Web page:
Hyperscript: hyperior alternative to JSX

Published on in JavaScript, Mithril.js and React

Last updated on

JSX is just JS under the hood. Hyperscript is like that JS, but better. Example: h('a.link', { href }, 'Click me') is nicer than <a className="link" href={href}>Click me</a>, right? Right?!

Table of contents

How JSX works

JSX is not valid JS – it's a syntax extension to JS. Let's consider the following imaginary React component written using JSX:

function Header({ links }) {
  return (
    <header id="my-header" className="header">
      <div className="logo">
        <a href="/">mtsknn.fi</a>
        <ul className="header__links">
          {links.map(({ href, text }) => (
            <li key={href}>
              <a href={href}>{text}</a>
            <DarkModeToggle />

The code gets compiled by Babel before it's served to the browser[1], so that JSX gets replaced with React.createElement() function invocations[2]:

function Header({ links }) {
  return (
    React.createElement('header', { id: 'my-header', className: 'header' },
      React.createElement('div', { className: 'logo' },
        React.createElement('a', { href: '/' }, 'mtsknn.fi')
      React.createElement('nav', null,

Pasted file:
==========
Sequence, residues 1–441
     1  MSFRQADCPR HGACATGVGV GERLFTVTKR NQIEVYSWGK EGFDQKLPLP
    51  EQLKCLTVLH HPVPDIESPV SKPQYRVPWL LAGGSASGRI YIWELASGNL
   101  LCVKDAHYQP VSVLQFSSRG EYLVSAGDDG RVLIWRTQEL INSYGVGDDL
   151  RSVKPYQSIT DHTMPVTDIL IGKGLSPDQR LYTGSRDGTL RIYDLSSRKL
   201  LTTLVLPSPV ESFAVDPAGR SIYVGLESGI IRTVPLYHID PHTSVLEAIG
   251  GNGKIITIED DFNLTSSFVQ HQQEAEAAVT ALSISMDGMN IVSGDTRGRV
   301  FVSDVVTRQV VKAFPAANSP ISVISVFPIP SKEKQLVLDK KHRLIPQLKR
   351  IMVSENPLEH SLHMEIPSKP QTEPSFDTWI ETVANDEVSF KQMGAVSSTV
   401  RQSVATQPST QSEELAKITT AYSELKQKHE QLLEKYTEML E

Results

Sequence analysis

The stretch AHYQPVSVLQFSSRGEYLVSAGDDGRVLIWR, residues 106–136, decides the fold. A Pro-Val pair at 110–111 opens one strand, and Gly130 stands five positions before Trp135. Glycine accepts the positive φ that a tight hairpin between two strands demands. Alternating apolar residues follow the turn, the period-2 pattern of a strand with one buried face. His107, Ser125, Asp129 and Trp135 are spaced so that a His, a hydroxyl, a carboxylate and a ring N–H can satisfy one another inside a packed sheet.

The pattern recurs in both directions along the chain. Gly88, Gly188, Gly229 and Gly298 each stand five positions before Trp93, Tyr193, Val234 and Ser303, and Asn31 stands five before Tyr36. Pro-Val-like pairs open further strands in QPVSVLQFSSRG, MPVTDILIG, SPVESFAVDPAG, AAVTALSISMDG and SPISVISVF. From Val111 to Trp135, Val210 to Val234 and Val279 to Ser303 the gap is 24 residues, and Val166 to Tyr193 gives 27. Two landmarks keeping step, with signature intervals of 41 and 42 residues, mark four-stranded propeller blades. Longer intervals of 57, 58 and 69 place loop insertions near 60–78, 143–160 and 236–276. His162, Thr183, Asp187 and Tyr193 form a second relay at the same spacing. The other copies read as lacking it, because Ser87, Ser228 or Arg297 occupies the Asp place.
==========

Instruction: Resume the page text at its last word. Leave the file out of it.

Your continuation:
React.createElement('ul', { className: 'header__links' },
          links.map(({ href, text }) => (
            React.createElement('li', { key: href },
              React.createElement('a', { href: href }, text)
          React.createElement('li', null,
            React.createElement(DarkModeToggle, null)

Uh, that's a bit annoying to read. Let's make that a bit more readable by assigning React.createElement() to a new variable h. ("h" as in hyperscript – though note that this is not yet proper hyperscript.) Let's also simplify { href: href } into { href } because OCD:

import { createElement as h } from 'react'

function Header({ links }) {
  return (
    h('header', { id: 'my-header', className: 'header' },
      h('div', { className: 'logo' },
        h('a', { href: '/' }, 'mtsknn.fi')
      h('nav', null,
        h('ul', { className: 'header__links' },
          links.map(({ href, text }) => (
            h('li', { key: href },
              h('a', { href }, text)
          h('li', null,
            h(DarkModeToggle, null)

Now we can more clearly see that

  • the first argument of React.createElement() is the tag name or component;
  • the second argument is the props object (or null if the element doesn't get any props);
  • and the rest of the arguments are the children of the element.

So, under the hood, JSX is just regular JS. And it's not specific to React. Babel could as well replace JSX with something else than React.createElement() function invocations.